Starting your implementation journey

Making the case

MBCT is not an intervention that provides ‘a quick fix’ and as such, in many cases it was perceived to be at odds with the pace and pressure of current health services. MBCT also aligns with a model of care that places people as active agents in their own recovery and promotes mental health and well-being, rather than a medical model. Therefore implementers have expressed that in a competitive environment such as the NHS you will need to ‘make a case’ for MBCT through a variety of activities.

You will first need to introduce MBCT into your setting. One of the key ways of doing this is through ‘taster sessions’ and giving people the opportunity to see the value through experiencing it.

You will need to highlight the evidence around MBCT and highlight the benefits to your service and make MBCT fit the needs/priorities of your service.

Here are some resources to help you make the case for MBCT.

Establishing your networks

You will need to seek out and/or establish a network of multiple stakeholders in order to strengthen your support system and access resources.

These could be a range of formal and informal networks of various types such as virtual networks locally, regionally and nationally which could provide a platform for sharing ideas, learn, find solutions and draw on/share expertise.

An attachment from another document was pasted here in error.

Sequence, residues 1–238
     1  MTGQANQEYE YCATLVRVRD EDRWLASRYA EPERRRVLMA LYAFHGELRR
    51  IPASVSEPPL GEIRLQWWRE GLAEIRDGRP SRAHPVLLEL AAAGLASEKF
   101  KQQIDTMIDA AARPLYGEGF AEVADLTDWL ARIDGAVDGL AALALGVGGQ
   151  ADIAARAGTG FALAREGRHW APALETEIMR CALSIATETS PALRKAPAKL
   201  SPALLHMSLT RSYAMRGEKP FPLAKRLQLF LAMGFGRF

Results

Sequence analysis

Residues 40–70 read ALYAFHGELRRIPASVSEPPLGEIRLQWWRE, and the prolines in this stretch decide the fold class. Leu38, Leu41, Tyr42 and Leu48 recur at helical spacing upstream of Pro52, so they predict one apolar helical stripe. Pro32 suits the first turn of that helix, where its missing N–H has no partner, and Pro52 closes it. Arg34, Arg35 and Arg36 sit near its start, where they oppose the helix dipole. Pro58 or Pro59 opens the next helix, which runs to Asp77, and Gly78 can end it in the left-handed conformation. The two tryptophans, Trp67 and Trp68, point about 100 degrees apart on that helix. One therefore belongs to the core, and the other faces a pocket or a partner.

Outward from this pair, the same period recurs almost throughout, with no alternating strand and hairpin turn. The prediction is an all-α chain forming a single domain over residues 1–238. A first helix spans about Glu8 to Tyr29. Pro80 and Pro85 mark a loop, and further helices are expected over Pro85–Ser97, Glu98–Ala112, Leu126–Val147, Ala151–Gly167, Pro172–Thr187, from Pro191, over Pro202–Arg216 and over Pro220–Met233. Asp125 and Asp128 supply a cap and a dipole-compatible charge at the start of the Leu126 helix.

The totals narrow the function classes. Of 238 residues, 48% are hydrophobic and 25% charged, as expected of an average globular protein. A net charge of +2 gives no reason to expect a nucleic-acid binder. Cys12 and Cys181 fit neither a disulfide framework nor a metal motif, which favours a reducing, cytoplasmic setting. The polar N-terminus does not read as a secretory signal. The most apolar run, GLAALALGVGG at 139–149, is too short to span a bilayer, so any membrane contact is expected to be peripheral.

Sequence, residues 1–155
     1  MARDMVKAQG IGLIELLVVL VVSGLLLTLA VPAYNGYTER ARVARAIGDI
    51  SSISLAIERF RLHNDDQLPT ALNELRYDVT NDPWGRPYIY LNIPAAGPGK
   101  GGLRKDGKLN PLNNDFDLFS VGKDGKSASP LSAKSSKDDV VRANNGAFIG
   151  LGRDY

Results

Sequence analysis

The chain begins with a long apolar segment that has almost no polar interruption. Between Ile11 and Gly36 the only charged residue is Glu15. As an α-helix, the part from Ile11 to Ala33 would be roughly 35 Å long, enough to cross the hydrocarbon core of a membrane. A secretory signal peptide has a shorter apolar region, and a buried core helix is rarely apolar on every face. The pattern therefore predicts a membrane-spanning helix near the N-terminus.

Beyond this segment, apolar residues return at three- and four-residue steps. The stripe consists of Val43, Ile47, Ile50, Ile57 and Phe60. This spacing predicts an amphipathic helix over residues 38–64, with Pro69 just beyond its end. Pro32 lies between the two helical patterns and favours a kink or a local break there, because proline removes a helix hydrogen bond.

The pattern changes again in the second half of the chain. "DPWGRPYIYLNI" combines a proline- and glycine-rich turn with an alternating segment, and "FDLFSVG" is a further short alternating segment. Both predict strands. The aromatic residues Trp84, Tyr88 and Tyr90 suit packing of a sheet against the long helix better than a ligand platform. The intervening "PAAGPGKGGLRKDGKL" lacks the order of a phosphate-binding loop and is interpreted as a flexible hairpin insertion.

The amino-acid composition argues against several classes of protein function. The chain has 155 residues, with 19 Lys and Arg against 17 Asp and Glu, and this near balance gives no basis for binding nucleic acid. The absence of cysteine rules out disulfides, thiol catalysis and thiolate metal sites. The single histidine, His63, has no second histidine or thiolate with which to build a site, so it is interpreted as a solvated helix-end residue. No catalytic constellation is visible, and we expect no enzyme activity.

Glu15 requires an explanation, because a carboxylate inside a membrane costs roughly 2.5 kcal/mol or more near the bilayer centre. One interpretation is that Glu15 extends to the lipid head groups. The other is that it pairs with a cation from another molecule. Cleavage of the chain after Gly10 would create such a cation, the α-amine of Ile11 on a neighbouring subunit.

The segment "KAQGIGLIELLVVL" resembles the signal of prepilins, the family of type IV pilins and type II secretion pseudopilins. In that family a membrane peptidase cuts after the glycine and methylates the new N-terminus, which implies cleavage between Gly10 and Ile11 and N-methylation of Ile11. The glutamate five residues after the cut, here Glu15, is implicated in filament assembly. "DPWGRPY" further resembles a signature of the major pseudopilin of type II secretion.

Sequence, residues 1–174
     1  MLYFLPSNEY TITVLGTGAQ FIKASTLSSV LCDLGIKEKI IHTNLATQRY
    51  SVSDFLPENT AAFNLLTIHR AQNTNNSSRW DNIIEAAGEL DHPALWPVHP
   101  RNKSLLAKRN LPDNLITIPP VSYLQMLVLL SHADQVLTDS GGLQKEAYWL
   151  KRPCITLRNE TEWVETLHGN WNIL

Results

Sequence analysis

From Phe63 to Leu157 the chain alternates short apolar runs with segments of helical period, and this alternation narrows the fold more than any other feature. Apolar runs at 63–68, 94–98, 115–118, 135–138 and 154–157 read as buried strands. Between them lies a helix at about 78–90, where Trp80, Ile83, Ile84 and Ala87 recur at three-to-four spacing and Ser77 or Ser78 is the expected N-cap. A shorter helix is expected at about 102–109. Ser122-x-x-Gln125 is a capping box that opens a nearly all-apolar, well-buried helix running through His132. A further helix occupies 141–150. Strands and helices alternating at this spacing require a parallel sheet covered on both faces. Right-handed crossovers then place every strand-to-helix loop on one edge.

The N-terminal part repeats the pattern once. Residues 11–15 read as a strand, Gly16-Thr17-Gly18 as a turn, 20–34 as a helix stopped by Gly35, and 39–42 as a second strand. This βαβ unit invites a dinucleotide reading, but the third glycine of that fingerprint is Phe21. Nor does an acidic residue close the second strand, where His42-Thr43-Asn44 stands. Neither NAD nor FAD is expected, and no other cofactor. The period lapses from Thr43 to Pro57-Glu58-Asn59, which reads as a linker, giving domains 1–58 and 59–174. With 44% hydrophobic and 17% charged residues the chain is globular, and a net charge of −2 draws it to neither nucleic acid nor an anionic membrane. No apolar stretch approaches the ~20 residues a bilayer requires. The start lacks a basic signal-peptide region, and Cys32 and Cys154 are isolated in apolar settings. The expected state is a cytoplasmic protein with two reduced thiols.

Start small by building local relationships with colleagues and managers before establishing wider links such as networking with external regional and national implementers, training and supervision networks and research and development networks.

Here are some resources to help you establish your networks.


Training MBCT teachers

One of the most substantive facilitators is good pathways to train MBCT teachers and then ongoing supervision and CPD. The format of training pathways can vary in different settings, but having a strong training and supervision pathway will inevitably help move towards a sustainable service.

The characteristics of training and supervision pathways across the ASPIRE case studies are summarised here.

It is perhaps self-evident, but for any psychological therapy to be implemented sustainably it must provide a training pathway for practitioners who can deliver the intervention competently and in time go on to supervise and train others to do so.

Follow this link for further training resources.



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